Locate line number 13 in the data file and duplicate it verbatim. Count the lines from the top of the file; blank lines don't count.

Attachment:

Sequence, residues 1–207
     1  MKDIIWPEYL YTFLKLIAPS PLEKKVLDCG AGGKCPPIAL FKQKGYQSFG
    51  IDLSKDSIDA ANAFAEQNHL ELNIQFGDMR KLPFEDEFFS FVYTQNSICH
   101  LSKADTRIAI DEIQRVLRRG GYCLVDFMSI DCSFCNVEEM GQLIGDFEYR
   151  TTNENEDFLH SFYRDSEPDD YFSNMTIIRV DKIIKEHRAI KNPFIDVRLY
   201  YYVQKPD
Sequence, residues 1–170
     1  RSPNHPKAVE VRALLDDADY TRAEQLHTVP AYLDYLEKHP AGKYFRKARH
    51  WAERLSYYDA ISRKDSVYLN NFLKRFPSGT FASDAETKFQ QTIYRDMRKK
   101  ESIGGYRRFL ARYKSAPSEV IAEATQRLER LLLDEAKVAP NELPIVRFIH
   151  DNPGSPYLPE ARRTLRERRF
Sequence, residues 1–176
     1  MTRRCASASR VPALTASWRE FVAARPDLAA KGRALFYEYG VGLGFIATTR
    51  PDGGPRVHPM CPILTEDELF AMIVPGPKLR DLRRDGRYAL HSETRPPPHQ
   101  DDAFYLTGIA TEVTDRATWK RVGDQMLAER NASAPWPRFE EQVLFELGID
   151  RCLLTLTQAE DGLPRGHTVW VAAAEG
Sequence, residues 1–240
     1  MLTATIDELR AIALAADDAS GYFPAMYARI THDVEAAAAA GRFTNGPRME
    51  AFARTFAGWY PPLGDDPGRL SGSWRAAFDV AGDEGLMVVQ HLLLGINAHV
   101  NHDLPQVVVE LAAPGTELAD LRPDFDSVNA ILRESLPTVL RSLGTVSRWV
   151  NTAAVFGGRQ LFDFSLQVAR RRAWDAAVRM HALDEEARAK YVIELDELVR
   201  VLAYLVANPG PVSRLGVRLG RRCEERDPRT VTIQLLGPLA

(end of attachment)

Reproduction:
     1  MTRRCASASR VPALTASWRE FVAARPDLAA KGRALFYEYG VGLGFIATTR